20051214

How dumb was that? Devois des Agneaux d'Aumelas 1999

Devois des Agneaux d'Aumelas 1999
I taste little obvious fruit in Jeanjean's Devois des Agneaux d'Aumelas 1999 at first. What is there is very faint and unripened in flavour: raspberry, maybe cassis. At times the tartness verges into a vegetal bitterness. It reminds me of a wine from Anjou with its austere style. That idea would be intriguing to me except I'm opening a Syrah. So what's wrong here? My palate is off? Or is it the wine? Such would be the case with a "closed" wine or what is known as being "dumb". Dumb as in playing dumb since the bottle is fine -- it's not corked but rather is just not acting like it should. Closed as in temporarily -- or in a transitive state -- so you try to wait until the flavours that have shut down open up again. And wait, and wait...

Since 1870 the Famille Jeanjean has been bottling wines of great expression. Like many Languedoc wines, their bottles represent great value for the money. Château Valoussière, Coteaux du Languedoc is one of their great everyday wines, which I always recommend. Bring it along when you are invited to dinner and you will always get a positive reaction. Have it with merguez and saucisson, like I did with my friends Gordon and Eric, and you'll be as close as you can get to heaven for under $15. So it is no wonder that the Languedoc scene is burgeoning in recent years and growing in popularity. Witness a weekend last month, when Eric and I knew we were to sup in style. After browsing around on our own, we independently selected $19 Coteaux du Languedocs. He got a Château Saint-Martin Garrigue and I got the Domaine Clavel "Les Garrigues". Garrigue minds think alike!

But back to work: Devois des Agneaux d'Aumelas, Coteaux du Languedoc, Elisabeth and Brigette Jeanjean is a bit fancier than those above, but there it sits on my kitchen counter, all dressed up and nowhere to go. This cuvée was definitely not picking up where the Clavel had left off, that's for sure. I blamed myself at first. I had bought it at a reduced price because of a slightly damaged label. My thoughts turned to how I had stored it and how long I had kept it. The cork looked normal and no signs of leakage around the capsule presented themselves. There was no denying this 1999 its structure and complexity but it was still hitting all the wrong notes. Ones that clearly resonated in a bad way, like apple-cranberry sourness, a characteristic I hoped I would not begin to associate with the semi-aged wine of the region (I discovered a type of brownish cranberry-cola under the cork of a bottle of Domaine des Jougla Saint-Chinian 1999). So with time, I deem it dumb. But I felt dumb too for preparing the rare treat of filet mignon on this night. I try to salvage the situation in different ways. Giving it extra time to open up didn't change things much. Trying not to create Clavel-like expectations did more to help. I began agreeing with those tasters who proclaimed sage (not sure I appreciate that much in a wine), and I made the most of an odd changeable aroma. I moved it from Loire in style to Bourgogne. But dinner was over and it seemed as though I missed out big time. On the second night, I opted for the namesake on the bottle and poured the remaining wine with lamb. It was somewhat more satisfying but I still wondered whether I would've been right to return it to the store I bought it from.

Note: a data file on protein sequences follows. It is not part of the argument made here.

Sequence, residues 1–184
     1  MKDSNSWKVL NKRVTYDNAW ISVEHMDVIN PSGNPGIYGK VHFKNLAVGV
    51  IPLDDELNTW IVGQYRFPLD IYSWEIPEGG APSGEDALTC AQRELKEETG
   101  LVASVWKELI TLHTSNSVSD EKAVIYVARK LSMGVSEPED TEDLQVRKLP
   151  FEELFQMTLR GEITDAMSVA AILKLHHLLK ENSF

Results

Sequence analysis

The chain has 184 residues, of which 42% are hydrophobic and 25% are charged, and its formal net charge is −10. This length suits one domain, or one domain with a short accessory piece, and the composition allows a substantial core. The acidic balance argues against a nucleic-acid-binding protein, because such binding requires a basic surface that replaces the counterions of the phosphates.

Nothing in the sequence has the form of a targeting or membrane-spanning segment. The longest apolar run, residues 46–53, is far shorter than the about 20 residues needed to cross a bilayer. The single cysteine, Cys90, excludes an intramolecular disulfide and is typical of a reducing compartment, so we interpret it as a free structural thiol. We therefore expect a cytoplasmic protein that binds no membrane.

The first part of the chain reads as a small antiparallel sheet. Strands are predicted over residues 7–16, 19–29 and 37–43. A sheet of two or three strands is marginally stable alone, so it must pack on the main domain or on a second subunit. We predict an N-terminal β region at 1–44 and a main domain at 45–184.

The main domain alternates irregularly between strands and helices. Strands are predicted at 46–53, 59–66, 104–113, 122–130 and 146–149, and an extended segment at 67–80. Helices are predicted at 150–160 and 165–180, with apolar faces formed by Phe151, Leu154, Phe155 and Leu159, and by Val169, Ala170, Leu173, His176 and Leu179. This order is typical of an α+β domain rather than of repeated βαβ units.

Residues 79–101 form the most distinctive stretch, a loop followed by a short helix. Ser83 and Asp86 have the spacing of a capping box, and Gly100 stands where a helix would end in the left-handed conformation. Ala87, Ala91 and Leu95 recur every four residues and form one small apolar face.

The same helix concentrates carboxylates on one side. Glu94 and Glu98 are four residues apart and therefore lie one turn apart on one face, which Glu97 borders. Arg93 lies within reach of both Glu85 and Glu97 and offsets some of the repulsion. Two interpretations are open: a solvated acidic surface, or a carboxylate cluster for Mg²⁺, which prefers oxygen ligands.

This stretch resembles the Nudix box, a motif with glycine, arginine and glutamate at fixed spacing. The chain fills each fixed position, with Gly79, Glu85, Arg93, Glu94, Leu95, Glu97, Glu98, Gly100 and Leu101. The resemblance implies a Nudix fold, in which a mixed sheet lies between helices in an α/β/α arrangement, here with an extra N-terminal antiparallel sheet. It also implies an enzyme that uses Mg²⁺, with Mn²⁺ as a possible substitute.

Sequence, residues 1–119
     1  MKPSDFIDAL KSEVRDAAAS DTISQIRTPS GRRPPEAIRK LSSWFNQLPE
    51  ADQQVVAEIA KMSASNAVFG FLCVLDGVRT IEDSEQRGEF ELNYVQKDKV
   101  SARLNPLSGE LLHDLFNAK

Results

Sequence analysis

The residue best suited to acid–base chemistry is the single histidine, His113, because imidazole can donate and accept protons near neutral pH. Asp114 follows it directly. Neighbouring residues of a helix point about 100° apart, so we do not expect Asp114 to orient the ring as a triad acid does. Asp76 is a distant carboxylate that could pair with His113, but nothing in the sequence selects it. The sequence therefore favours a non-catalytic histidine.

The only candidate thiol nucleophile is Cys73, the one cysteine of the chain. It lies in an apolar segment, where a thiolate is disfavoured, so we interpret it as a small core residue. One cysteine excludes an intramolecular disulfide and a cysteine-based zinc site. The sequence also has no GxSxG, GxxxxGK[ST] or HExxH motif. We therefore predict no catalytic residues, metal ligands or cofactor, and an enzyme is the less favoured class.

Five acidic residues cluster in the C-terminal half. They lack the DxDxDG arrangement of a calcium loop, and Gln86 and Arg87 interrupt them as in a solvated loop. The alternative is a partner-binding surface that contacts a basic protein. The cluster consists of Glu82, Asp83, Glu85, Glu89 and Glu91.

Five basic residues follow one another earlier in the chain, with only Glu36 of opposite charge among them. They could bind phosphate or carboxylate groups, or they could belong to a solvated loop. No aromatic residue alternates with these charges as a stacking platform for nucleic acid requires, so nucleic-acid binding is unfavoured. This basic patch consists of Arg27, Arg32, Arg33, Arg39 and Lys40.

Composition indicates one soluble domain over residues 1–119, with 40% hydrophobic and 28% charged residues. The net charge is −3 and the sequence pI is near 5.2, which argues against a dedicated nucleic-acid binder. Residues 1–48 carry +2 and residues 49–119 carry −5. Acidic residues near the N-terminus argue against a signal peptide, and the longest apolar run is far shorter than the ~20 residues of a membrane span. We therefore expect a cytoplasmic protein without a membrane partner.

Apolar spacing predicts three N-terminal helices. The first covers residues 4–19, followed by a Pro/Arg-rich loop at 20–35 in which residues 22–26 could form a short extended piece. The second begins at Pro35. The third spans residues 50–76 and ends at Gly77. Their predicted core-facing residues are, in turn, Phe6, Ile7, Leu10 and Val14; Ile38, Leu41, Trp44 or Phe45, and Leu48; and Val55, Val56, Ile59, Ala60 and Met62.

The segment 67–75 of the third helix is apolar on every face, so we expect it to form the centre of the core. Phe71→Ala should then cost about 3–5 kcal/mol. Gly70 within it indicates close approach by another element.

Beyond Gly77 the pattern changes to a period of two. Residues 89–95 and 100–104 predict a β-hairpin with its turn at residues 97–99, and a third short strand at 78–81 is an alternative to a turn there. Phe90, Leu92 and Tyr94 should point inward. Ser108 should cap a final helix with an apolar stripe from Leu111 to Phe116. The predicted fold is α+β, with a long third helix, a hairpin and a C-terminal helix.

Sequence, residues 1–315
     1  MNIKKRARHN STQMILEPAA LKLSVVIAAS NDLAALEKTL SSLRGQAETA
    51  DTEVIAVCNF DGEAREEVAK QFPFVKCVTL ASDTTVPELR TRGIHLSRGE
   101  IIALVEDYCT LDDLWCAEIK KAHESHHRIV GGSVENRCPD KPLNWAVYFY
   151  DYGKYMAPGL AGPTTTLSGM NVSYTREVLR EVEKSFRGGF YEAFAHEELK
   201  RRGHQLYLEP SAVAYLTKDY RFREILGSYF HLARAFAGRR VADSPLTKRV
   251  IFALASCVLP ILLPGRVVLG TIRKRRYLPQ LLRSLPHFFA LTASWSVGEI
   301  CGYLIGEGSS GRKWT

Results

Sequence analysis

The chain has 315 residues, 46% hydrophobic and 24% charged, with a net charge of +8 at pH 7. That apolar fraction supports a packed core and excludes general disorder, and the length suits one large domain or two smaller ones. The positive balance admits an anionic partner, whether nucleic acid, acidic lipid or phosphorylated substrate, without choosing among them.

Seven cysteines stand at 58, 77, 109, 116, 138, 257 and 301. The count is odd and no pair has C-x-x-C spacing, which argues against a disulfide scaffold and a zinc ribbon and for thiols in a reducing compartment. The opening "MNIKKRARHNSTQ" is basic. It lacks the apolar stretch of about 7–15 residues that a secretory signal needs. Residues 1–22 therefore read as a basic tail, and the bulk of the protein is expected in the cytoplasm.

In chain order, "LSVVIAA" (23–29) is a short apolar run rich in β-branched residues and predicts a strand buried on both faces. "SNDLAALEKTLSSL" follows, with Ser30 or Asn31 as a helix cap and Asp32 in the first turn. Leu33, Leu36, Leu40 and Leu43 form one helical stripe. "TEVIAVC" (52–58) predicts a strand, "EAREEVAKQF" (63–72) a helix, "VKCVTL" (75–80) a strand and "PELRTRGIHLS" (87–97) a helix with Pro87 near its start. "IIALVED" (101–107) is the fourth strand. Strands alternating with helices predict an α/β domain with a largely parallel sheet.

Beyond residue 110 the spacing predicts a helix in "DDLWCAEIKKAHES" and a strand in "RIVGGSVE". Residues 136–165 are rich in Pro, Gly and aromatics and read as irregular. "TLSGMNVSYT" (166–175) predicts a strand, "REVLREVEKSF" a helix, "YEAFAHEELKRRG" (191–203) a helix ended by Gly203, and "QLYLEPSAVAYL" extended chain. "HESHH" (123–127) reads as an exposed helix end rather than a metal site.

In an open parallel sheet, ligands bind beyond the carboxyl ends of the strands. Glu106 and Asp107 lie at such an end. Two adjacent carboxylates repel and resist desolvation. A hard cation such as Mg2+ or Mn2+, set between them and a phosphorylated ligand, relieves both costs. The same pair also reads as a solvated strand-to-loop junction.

Backwash
Thanks to Gordon for taking the image I posted in yesterday's space. He recalls not only taking the photo but also making the delicious pork loin sandwiches we ate with our wine. He had threatened to call both of his lawyers regarding these two omissions. To his intellectual property lawyer: I argue a fair dealing defense. To his French food litigator: Mets-en!

1 comment:

Anonymous said...

Hard to say what was wrong with this bottle since I didn't taste it, but my first reaction is to suspect that it should have been consumed a while ago.

These Languedoc wines and all wines of that caliber and price range rarely reward patience; they are meant to be drunk when they are released or within 1 to 3 years.
In fact, very few wines (in proportion to the total number produced in the world) actually improve with aging. So Carpe Vinum!